Gambling Commission fraudster investigation brings £1.6m settlement


Platinum Gaming, which is licensed to operate and, has become the latest company to make expensive failures in its social responsibility and anti-money laundering procedures. Following a Gambling Commission investigation, the company has agreed to pay £1.6m in a settlement with the regulator.

The investigation started as a result of information passed to the Commission regarding a customer who had been convicted of a £2 million fraud and had been spending stolen money through several gambling operators.

This convicted fraudster had spent £629,420 of stolen money with Platinum Gaming and the investigation discovered that the customer’s deposits were ‘so high and losses so significant’ that Platinum Gaming should have considered refusing or barring service to the customer. Instead the operator continued to allow the customer to gamble.

Investigations also revealed the operator breached anti-money laundering regulations, including a failure to make adequate enquiries about the source of the funds the customer used to gamble.

Richard Watson, Gambling Commission Executive Director, said: “There were weaknesses in Platinum Gaming’s systems and as a consequence, more than half a million pounds of stolen money flowed through the business. This is not acceptable and I would urge all operators to carefully read this case and learn lessons so they don’t make the same mistakes.

“This is yet another example of us taking firm action against online operators who fail to protect consumers or implement effective safeguards against money laundering. We must see the industry stepping up and providing consumers in Great Britain with the safest and fairest gambling market in the world. Where we continue to see failings, we will continue to take action.”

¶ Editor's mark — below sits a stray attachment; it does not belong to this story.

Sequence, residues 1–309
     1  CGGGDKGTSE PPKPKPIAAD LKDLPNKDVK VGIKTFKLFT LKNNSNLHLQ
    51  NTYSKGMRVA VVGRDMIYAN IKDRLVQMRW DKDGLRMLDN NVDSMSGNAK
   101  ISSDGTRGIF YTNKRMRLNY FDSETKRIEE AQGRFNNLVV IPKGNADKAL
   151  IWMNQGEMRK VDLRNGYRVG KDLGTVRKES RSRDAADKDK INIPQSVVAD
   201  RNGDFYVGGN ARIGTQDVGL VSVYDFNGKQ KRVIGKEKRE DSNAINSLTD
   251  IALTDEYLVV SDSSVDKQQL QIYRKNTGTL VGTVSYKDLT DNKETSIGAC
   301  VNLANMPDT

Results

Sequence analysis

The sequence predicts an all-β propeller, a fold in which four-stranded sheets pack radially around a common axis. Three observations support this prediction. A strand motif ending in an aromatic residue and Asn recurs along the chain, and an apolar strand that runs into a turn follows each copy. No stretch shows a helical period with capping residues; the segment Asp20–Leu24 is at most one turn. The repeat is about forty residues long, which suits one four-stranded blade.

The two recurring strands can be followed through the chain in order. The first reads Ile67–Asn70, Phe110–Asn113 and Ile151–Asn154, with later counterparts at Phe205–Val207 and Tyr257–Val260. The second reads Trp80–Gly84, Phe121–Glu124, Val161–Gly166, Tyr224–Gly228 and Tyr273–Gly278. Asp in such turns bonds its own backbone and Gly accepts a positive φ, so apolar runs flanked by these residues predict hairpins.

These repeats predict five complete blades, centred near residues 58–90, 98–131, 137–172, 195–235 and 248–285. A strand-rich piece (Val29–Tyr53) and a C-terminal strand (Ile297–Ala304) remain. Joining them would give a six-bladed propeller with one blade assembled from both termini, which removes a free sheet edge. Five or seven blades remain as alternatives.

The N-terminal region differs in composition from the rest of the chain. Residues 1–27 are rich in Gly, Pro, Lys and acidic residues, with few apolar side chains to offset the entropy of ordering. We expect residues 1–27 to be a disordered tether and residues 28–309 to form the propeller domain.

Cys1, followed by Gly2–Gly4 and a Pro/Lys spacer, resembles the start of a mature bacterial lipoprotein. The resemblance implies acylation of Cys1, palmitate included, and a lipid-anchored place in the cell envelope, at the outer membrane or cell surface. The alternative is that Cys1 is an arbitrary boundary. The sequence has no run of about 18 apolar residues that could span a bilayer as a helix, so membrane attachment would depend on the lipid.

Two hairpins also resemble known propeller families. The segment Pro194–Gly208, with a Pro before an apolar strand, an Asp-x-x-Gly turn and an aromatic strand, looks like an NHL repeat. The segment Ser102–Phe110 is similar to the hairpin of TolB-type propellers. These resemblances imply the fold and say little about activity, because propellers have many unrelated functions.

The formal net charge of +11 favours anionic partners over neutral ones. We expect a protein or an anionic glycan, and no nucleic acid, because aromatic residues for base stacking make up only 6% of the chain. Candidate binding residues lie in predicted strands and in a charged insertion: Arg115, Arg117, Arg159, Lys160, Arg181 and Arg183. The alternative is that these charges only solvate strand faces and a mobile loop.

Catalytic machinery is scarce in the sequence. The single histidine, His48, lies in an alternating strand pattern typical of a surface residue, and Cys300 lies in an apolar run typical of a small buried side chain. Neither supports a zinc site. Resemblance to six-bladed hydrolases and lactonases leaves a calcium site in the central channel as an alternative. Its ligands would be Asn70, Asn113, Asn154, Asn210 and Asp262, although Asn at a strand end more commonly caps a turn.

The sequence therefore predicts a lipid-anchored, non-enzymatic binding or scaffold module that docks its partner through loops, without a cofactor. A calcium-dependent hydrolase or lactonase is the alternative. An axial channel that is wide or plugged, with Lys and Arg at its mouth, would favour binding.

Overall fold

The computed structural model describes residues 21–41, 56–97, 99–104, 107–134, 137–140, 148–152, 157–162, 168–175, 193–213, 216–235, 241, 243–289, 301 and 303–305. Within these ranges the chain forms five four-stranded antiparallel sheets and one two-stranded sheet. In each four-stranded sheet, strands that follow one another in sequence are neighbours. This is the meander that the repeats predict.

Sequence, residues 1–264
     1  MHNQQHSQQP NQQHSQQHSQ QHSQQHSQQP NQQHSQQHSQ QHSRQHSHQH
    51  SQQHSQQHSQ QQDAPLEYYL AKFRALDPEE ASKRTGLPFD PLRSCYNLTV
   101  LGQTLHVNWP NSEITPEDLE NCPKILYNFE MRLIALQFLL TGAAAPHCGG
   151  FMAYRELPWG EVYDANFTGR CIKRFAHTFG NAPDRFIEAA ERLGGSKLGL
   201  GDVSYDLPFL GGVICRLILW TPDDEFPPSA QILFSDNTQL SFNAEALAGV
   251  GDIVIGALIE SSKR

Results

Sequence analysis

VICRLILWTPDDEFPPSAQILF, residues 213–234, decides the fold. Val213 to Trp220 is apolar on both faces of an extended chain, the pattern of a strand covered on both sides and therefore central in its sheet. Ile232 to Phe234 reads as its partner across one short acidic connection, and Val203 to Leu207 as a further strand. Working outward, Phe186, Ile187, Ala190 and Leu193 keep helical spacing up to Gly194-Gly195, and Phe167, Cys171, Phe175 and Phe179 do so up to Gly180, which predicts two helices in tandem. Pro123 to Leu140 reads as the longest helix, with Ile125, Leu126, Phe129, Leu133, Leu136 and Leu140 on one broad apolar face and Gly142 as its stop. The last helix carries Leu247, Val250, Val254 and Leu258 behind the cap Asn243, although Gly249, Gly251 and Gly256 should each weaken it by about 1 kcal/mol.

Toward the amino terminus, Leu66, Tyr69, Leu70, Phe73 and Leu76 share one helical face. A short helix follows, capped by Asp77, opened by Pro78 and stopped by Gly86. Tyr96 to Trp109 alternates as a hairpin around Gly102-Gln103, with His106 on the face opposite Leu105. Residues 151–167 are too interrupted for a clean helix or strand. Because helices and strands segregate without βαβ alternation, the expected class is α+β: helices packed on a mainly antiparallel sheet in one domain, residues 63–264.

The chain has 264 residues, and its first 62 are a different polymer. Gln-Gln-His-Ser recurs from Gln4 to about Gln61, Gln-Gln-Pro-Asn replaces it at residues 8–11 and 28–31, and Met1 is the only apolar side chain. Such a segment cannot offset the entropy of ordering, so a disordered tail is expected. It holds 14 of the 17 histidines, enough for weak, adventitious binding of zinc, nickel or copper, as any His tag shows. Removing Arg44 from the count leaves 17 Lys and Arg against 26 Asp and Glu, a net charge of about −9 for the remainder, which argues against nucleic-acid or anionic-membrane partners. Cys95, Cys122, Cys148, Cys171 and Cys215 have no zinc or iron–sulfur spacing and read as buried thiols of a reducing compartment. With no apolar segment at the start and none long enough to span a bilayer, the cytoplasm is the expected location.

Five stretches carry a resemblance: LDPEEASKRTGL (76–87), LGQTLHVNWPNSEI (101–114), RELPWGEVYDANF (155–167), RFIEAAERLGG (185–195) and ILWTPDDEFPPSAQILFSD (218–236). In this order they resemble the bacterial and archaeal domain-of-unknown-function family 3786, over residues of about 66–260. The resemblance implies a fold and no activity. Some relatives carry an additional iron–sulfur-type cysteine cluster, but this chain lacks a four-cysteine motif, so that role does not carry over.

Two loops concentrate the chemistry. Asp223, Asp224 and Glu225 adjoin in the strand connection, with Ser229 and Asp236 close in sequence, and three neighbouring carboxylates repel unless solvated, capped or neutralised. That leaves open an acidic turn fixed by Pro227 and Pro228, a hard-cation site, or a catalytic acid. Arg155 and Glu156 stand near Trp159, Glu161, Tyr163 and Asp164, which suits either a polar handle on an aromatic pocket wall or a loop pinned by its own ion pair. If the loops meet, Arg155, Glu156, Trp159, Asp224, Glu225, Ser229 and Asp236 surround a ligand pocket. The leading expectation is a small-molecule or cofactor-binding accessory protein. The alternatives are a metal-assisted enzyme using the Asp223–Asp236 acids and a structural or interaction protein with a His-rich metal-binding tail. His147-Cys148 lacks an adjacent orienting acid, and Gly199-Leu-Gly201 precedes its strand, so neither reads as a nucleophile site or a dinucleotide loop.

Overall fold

The Commission said that the management of this customer in relation to social responsibility and anti-money laundering ‘raised significant concerns’ regarding the effectiveness of Platinum Gaming’s policies and procedures that were in place at that time, and its management of risks to the licensing objectives.

However the regulator said the firm was not subject to a review of its licence because this appeared to be an isolated incident. The Commission found that Platinum Gaming had ‘moved forward since the time of this incident, with clear improvements in areas where these failings were found to have occurred’.

PGL acknowledged its shortcomings at an early stage after initial engagement from the Commission and accepted that it failed to act in accordance with the Licence Conditions and Codes of Practice (LCCP), the Money Laundering, Terrorist Financing and Transfer of Funds (Information on the Payer) Regulations 2017 (the 2017 Regulations) and our guidance on money laundering and terrorist financing.

As part of a settlement with the Commission, Platinum Gaming returned £629,420 to the fraudster’s victims and will pay £990,200 in lieu of a financial penalty. This money will be spent accelerating delivery of the National Strategy to Reduce Gambling Harms.

In determining the appropriate outcome, the Commission considered that the operator was:

  • open and transparent in its dealings with the Commission
  • able to make timely disclosure of material facts to the Commission
  • able to demonstrate that they have insight into the apparent failings
  • able to suggest actions that would prevent the need for formal action by the Commission
  • prepared, where appropriate, to agree to the publication of a public statement by the Commission setting out the failings in order to deter future non-compliance by others and/or share learning that may be beneficial to the wider industry or other stakeholders including the public
  • prepared to divest itself of any gross gambling yield or costs savings which accrued as a result of the failings
  • prepared to contribute to the direct costs to the Commission of investigating the matter in respect of which the regulatory settlement is sought
  • prepared to volunteer a payment in lieu of the financial penalty the Commission might otherwise impose for breach of a licence condition in accordance with the Statement of Principles for Determining Financial Penalties.